MOOCs in India

Sui Fai John Mak explores, “Why c and x MOOCs are attracting different number of participants?” We’ll come back to this in a while.

In another very interesting article that lays out MOOC Student Demographics, by The Augmented Trader, I was looking at what’s happening with the MOOC with Indian learners.

In this article by Tucker Balch, looking at Country of Residence, Indians were ranked #3 for course completion, and interestingly, were ranked #2 as far as students who did not complete the course. Of course the gaps in the numbers will also have to be considered. However, various other reports will tell you that MOOCs are popular in India.

What does this mean for MOOCs that originate in India? Does it seem like a good time for Indian institutions to get on to the MOOC bandwagon? (In-spite of the below-average access infrastructure in the country)

Let’s come back to Sui Fai John Mak’s article on the success of c and x MOOCs. (You need to read the full article, linked above), but let me look at three of the success factors mentioned in the article. (In the article, these factors are regarding xMOOCs; for the purpose of this post, I am thinking of a MOOC without any prefix)

Branding: Which Indian educational institute is the strongest brand to attract students? Especially if you have to compete with the likes of Stanford, MIT and such. And then, it’s not just brands, it’s the “super-professors” that Sui Fai John Mak’s refer to in the article.

Well-established Resources: I’d be happy to be proven wrong, but Indian institutes do not make a conscious effort in developing good content and the necessary support structure around them.

Assessment and Certification: This is where things really fall apart, I suppose. Formal online assessment is not allowed in the country and if you cannot certify students without formal assessment, what do you do? And here, it’s not just the institutes who are failing, it’s the industry too, which insists on formal certification from “well-known” institutes.

A MOOC-education should mean more than just knowledge-acquisition; it needs to be recognised, endorsed and accepted. And this will require a strong participation of the industry in developing a MOOC that makes sense in the crazy-assessment-oriented educational society that we are.   If we consider the three factors that help MOOCs become successful, then:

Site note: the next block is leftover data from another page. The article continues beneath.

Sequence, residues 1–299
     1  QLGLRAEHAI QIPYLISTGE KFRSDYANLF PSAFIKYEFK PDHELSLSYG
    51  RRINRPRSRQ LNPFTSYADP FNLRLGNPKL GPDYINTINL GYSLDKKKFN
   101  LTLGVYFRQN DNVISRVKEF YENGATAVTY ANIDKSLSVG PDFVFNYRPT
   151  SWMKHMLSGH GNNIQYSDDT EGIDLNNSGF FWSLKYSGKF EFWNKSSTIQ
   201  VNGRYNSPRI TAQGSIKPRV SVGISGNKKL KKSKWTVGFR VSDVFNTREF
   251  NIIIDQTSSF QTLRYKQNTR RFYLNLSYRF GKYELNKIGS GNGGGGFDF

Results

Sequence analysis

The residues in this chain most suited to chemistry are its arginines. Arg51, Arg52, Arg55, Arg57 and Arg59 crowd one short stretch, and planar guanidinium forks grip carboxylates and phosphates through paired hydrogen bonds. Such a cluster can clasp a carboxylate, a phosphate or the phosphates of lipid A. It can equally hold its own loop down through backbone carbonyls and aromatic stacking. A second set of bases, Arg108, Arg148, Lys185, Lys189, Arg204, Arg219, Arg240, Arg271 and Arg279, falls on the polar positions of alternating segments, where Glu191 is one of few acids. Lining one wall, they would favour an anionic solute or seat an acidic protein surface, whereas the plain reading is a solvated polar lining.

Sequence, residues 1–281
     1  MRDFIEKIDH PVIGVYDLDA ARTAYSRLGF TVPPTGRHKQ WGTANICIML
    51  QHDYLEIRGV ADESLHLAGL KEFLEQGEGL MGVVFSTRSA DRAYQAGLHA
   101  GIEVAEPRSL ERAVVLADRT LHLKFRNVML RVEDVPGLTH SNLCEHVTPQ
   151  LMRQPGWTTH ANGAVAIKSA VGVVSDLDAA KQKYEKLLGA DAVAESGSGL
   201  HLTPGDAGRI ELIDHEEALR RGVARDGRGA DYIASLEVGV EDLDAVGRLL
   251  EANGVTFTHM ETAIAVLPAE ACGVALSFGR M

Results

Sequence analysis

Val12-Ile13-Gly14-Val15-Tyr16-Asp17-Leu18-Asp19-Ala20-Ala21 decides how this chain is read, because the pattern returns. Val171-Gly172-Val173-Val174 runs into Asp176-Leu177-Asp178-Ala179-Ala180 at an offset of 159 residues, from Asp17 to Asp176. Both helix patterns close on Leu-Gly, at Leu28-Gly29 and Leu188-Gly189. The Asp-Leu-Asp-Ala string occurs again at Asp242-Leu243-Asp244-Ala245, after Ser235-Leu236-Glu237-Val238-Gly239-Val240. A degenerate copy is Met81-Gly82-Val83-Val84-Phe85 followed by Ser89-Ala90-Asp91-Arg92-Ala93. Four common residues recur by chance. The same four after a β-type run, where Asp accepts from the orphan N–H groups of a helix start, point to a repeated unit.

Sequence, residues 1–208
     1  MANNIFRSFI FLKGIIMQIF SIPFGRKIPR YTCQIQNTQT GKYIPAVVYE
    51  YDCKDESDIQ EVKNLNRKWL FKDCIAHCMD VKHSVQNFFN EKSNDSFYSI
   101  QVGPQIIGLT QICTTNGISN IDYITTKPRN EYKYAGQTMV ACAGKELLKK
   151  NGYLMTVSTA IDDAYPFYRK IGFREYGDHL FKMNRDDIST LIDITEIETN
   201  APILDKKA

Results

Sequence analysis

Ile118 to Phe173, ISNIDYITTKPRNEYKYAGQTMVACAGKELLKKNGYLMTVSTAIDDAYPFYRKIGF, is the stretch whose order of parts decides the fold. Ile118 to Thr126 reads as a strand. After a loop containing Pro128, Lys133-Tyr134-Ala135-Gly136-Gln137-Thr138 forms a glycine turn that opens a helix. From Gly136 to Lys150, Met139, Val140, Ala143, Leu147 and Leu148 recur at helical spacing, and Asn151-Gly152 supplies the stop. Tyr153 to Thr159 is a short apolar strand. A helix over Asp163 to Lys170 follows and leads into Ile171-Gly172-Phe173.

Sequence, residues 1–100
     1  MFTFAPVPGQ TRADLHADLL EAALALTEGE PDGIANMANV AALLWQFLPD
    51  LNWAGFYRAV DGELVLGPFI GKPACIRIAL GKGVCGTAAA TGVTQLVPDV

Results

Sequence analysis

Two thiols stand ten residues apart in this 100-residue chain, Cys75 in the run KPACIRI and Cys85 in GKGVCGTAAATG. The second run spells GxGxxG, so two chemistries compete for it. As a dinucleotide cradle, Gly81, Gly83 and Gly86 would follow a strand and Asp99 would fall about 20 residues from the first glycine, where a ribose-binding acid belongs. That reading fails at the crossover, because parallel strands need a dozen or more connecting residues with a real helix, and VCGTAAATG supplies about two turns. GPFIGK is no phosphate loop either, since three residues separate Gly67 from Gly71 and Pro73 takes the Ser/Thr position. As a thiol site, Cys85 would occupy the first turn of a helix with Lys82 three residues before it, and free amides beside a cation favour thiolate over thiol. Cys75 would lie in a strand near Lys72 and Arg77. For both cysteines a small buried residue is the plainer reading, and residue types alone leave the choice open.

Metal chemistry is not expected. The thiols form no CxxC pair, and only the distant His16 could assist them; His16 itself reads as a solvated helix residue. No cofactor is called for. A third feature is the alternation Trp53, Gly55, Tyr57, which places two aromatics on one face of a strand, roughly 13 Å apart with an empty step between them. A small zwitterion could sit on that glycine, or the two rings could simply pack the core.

• Branding issues can be overcome by well-define University-Industry Linkages (UIL). The UIL could be with a group of companies in a sector or an industry association. Industry usually understands branding better than the university, this is where they can help. Industry finds a source of well-educated, employable human resources, which reduces their recruitment cost.
  • Industry can provide requirements and support resources in the form of digital and interactive content, faculty support, best practices and management support to work with academia to design contemporary and current curriculum.
  • If the industry is willing to forgo formal certification from well-known institutes for well-trained resources who have been taught a curriculum that the industry has endorsed, the obstacles by the meta-educational organisations in the country are easily overcome. Innovative practices in assessing student performance enables industry to identify employable resources easily.

The time for MOOCs in India has come, the right partners have to join in.


TalentSprint Raises $4M In Series A From Nexus Venture Partners | VCCircle

Hyderabad-based skill development and training company TalentSprint Educational Services Pvt Ltd has raised Rs 20 crore ($4 million) in series A funding from Nexus Venture Partners. As part of the investment, Nexus Ventures’ MD Anup Gupta will join the company’s board.

Set up in 2009 by Madhumurty Ronanki, Santanu Paul, and JA Chowdary, TalentSprint offers employability programmes to professionals, using experiential learning and iPEARL, its technology platform for the IT and BFSI sectors. The learning programmes are delivered to students, job-seekers and young professionals to make them job-ready.

(Via TalentSprint Raises $4M In Series A From Nexus Venture Partners | VCCircle)

Edusys Raises $7.5M From Sequoia Capital | VCCircle

Bangalore-based online education training and certification company Edusys Services Pvt Ltd has raised $7.5 million (Rs 38 crore) from Sequoia Capital. With this round of funding, Edusys aims to expand its business by introducing new products and strengthening its core team and technology platform. Launched in 2004, Edusys currently has a customer base of more than 3,500 companies globally and supports students from over 150 countries. It offers specific courses and tests, which span a vast spectrum of conventional and emerging domains of learning and work. The company has offices in the USA, the UK, Singapore and Australia besides Bangalore and Bhubaneswar in India.

(Via Edusys Raises $7.5M From Sequoia Capital | VCCircle)



The Context of Statistics


Anurag Behar, CEO of the Azim Premji Foundation, wrote an article yesterday in the Mint, describing how private and government schools are equally incompetent to provide good education. In the article he provides a statistic: